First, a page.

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Nelson Mandela: A life in pictures
Nelson Mandela and his wife Winnie in this undated file picture.
For the past eight years, I’ve had a recurring dream about my husband, Eddie Torres. It starts the same way: We kiss, we murmur how much we miss each other, how much we love each other. “Why can’t we be together like this all the time?” I ask, but he says nothing. In his silence, my joy turns to anger, which turns to rage. “You’ve never even met our son!” I scream.
And then I wake up, and I remember the truth. The truth, kind of.
My husband died at the World Trade Center on Sept. 11, 2001, on his second day of work at the brokerage company Cantor Fitzgerald. I was pregnant with our son. In the days and months that followed, I worked tirelessly to find out the rest of what happened. My questions started small — Which tower? What floor? — and became thornier. Why did this happen? What was the government’s involvement? What were the last minutes of his life like?
The afternoon of the attack, I gathered in a makeshift 9/11 Family Center nearby St. Vincent’s Hospital with other shocked families from my husband’s work. We shared rumors and truths cobbled together from what we had, which was not much. Before I left that night, I posted a note on the wall: “To give/get information, please call …”
My phone rang all night, every call from a desperate person looking for answers, too.
In those days, the search for answers gave me a sense of purpose, an organizing principle in a life turned chaotic. I have watched this churning need in other trauma victims since then, and I now suspect there was a part of me that, at least initially, believed the truth might have some magic in it: the power to roll back time, the power to fix it. To bring Eddie back.
By the end of September, Eddie’s body did surface, but no, the funeral director told me, I couldn’t see it. I had a death certificate, and although I read it again and again, I couldn’t understand it. “Multiple blunt trauma to head, torso and extremities,” it read. That meant Eddie jumped, right?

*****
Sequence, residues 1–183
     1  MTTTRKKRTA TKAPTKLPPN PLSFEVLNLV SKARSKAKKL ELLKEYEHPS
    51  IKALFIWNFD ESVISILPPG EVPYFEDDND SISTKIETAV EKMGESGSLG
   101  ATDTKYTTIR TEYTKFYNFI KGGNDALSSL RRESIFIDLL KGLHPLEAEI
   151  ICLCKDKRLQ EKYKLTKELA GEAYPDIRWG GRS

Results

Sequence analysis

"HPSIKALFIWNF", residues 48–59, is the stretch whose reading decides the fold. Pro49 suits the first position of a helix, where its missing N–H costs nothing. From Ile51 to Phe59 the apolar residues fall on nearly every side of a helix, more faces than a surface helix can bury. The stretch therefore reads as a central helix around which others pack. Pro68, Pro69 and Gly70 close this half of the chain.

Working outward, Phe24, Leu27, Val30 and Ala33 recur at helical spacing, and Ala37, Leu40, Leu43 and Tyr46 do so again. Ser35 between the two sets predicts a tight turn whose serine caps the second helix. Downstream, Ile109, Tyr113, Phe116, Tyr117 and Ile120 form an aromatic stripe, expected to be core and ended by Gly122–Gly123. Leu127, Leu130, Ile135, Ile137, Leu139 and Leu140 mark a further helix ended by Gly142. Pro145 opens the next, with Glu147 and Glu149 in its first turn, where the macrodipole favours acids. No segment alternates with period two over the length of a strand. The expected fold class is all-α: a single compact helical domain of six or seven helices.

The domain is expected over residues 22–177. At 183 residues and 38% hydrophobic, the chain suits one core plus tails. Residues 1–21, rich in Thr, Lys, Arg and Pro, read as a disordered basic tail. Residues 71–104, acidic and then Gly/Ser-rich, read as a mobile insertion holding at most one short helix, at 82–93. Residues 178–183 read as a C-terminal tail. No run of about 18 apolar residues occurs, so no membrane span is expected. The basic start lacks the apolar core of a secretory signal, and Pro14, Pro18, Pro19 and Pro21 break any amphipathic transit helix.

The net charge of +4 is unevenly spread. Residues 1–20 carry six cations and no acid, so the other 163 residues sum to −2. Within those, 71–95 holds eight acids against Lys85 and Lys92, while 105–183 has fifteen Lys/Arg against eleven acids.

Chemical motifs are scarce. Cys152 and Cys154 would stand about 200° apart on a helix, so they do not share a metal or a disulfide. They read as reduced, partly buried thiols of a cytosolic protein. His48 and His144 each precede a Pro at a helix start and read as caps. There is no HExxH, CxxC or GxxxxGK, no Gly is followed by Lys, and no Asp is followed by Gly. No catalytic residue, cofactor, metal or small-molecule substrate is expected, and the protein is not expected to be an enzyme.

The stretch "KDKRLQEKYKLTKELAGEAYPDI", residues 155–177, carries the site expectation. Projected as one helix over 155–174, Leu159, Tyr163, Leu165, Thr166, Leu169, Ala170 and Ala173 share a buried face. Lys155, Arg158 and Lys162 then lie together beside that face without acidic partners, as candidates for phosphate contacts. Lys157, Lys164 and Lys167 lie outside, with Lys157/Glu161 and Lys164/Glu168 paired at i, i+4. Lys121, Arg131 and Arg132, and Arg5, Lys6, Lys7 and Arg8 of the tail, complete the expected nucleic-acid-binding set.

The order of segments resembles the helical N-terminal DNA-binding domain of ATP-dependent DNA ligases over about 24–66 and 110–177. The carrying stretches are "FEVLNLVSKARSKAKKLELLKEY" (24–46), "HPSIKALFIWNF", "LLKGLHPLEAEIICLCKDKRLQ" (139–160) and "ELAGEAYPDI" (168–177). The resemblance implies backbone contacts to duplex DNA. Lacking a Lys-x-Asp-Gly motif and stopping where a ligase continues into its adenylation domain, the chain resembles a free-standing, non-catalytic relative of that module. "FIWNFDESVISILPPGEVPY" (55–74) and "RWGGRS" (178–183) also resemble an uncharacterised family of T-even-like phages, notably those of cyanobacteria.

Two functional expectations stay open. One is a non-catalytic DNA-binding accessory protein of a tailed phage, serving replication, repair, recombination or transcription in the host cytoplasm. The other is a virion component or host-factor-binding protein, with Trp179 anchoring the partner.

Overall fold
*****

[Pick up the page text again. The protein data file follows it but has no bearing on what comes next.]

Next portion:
Eight years later, there are still so many things I don’t know about my husband’s death. Even the things that were once “true” are suspect, because the terrain of 9/11 seems to shift all the time.
In the years following the attacks — as I sifted through the evidence, as words to articulate what happened stayed lodged in my throat — authors and auteurs were busy creating their Great Works of Art. It makes me sick just to see the book covers or movie posters. But I bump into them too easily. I went to see “Akeelah and the Bee” one afternoon in 2006 — a rare escape into the cool dark of a movie theater on a hot summer day — only to realize with a panic that I might have to sit through a preview for the Oliver Stone film. I felt like a complete freak asking the manager about it beforehand, making a fuss about such a relatively small thing; I only knew at the time that I was deeply afraid of it. That the story had the power to unhinge me in some way.
The same could be said of all 9/11 stories, real or fictionalized. I avoid all of them like poison. I even get scared when I overhear someone talking about their 9/11 experience, even if it was from the safety of their home, watching the events burst forth on the TV screen. I am afraid they will say something that will alter what I know, the thing that’s kept me OK all these years. Because in the absence of concrete facts about how my husband died, I created my own story.
My story is kind of a Hollywood movie, too, but it gives me comfort. Here’s how I see it: Eddie looks out the window into a clear-blue sky, the kind of view you only see on postcards, and he smiles at the view he will now enjoy every day. A plane zooms into the frame — cut to Mohammed Atta, the pilot, almost the same age as Eddie, as the plane dips slightly and crashes into the building a few floors below. Lights flicker out. Screams. The tower trembles. A woman cowers under a desk on the floor as crowds trample toward the nearest stairwell. “You can’t stay here,” Eddie says in a calm voice, helping her to her feet. “Come with me. It’ll be OK.” They run together from stairwell to stairwell, but it’s too congested, the air is getting thick with smoke, the heat is unbearable. Instead, Eddie breaks a window and they stand there, holding hands, contemplating the fall below. Maybe he thinks of me. Maybe he thinks of everyone he loved. “This’ll be just like skydiving,” he says. They kiss and jump together. Shock of the blue sky and then: The screen goes black.